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Give your beloved animals all the creature comforts of a safe and enjoyable backyard to help you live harmoniously in the great outdoors. Australia is a nation of animal-lovers, and our dogs, cats, rabbits and birds are often a big part of the family. The first step to creating an outdoor space with your pets in mind is to strip things back. The type of animal you have will affect your design, as chooks and rabbits need a much larger designated space than say a cat, for example, whilst dogs will require a certain amount of activity and exercise when in the garden. Shade is going to be a basic and very important part of your pet-friendly garden.
WATCH RELATED VIDEO: 5 Must-Have Pet Friendly Indoor Plants l Easy Non-Toxic to Pets HouseplantsContent:
- Non-Toxic Plants for Pets (an A - Z guide to pet friendly plants)
- 19 Dog Friendly Plants | Safe Plants For Dogs
- Pet proof your garden
- 20 Indoor Plants Safe for Cats
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- Safe Garden for Doggies
- Poisonous Plants for Pets
- 20 Plants That Are Safe for Children, Cats and Dogs
- Is your garden pet friendly?
Non-Toxic Plants for Pets (an A - Z guide to pet friendly plants)
Do you have a precious pooch who loves to spend time outdoors? Perhaps you also have a green thumb and enjoy spending time in your garden? There is nothing more soul satisfying than having a relaxing garden to spend your mornings, afternoons and perhaps even your balmy summer evenings.
The good news is that the plants you choose for your garden can also be great for your darling dog. Our RSPCA Dog Care Experts have pulled together a list of plants and herbs that are not only pretty to look at, but have added physical and mental health benefits for your precious pup.
If your dog is experiencing serious anxiety or depressive issues, please consult your local vet for professional assessment and advice. This is a great one for calming your dog, since they love the peaceful sound bamboo makes when it rustles in the breeze.
It is also a sensory delight for your pup — it feels nice for them to snuffle through the shoots and reeds. For us humans, bamboo is great for screening and creating some privacy in your backyard. Dogs love the aromatic scent that basil gives off, so you can both enjoy an amazing Italian themed evening al-fresco! Despite what its name might suggest, catnip is not only for cats!
The plant is known for its wonderful relaxing properties, and can be a great way to calm your pup before a stressful visit to the vet. Or, your four-legged friend might react differently in some situations, and you might find that catnip actually stimulates playfulness. Top tip : since catnip can make your pets sleepy or excited, our Dog Care Experts advise keeping your catnip our of constant reach, and saving it for special occasions only.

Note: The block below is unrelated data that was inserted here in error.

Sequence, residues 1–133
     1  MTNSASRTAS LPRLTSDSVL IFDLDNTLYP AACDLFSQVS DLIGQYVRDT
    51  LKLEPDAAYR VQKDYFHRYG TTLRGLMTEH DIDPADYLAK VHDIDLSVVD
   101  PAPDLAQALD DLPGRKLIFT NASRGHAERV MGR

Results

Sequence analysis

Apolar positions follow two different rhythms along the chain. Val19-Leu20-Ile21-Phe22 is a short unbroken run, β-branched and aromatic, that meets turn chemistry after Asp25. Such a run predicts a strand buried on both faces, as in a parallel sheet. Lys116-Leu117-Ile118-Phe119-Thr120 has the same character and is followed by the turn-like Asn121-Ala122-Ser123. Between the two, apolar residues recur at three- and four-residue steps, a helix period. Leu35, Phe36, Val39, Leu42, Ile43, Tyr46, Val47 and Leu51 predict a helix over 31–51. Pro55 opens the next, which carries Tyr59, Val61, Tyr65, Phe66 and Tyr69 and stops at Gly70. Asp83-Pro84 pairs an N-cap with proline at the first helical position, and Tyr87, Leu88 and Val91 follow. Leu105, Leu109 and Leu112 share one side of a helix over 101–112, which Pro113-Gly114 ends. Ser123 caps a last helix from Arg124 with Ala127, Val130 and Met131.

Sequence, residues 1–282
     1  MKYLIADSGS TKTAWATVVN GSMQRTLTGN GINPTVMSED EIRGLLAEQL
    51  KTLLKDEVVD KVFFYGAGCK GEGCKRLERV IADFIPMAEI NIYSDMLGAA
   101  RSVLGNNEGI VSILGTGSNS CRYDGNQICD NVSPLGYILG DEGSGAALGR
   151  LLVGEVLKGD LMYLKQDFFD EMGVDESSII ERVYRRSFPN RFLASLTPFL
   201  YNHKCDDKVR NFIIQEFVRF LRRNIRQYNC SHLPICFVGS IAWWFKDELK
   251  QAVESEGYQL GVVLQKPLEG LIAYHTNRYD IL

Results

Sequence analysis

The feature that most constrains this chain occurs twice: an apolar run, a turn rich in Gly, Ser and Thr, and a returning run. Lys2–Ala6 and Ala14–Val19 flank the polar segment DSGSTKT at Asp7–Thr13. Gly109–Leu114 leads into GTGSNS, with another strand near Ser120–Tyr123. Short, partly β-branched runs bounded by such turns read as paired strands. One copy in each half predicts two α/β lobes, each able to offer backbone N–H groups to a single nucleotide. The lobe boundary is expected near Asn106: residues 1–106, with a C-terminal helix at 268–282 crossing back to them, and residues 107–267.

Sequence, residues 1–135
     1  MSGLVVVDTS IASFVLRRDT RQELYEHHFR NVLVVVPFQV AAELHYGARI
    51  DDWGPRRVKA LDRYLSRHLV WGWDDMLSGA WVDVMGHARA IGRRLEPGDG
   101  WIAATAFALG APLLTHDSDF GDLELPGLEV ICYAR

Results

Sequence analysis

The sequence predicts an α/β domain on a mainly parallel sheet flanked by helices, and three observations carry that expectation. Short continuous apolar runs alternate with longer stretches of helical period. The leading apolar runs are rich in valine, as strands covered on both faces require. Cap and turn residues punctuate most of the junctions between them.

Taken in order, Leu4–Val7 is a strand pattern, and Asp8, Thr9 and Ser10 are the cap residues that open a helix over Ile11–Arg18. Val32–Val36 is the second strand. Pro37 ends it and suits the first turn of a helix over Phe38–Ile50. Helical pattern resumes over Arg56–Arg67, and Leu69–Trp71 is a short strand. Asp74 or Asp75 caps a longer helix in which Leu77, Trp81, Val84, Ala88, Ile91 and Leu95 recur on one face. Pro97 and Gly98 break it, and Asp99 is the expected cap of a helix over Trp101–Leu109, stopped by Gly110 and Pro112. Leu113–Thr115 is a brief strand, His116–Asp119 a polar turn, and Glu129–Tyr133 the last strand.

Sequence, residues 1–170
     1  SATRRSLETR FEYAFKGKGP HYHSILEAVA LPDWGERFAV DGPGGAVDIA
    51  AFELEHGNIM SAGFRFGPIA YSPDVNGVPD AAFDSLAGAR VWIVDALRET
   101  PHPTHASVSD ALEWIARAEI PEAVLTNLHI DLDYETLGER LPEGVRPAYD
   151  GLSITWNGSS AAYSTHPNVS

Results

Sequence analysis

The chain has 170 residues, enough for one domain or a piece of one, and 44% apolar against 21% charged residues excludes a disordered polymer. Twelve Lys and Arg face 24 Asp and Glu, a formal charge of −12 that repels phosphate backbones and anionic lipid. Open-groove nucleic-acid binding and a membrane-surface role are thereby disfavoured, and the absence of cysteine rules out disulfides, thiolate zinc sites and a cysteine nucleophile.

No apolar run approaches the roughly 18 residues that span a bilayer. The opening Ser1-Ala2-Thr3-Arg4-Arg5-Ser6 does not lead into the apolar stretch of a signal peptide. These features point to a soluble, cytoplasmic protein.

Chamomile makes one of the best soothing teas for us humans, and it is just as beneficial for our canine companions. Sleep peacefully knowing that any scratches or skin irritations on your fur-baby can be helped with trusty lavender. Not to mention, it makes fantastic hedges, is low maintenance and leaves your garden smelling amazing! Keep your garden pest-and-insect-free with a scattering of marigolds.
Marigolds will keep your fruit trees, veggie beds and roses blooming and happy. Your dog will thank you too, as marigolds are great for dogs experiencing grief or emotional distress. Known for its cooling properties, peppermint is often sought out by dogs who have skin irritations.. Not only will your pup feel cool and calm with peppermint, but we all know peppermint tea is also a fabulous natural way to relieve any digestive issues in humans. Top tip: some of the rarer mint species can be dangerous if consumed by your puppy pals, so be sure to stick with the common peppermint variety.
Great for hedges and herb gardens, rosemary is a must have for your garden. The aromatic scent will be a firm favourite with your puppy pal, and is also a magical natural bug repellant. If your pooch is an unfortunate favourite with undesirable pests like ticks and fleas, planting rosemary will help to keep the bugs at bay. The fragrant herb is perfect for dogs with any skin irritations or bacterial infections.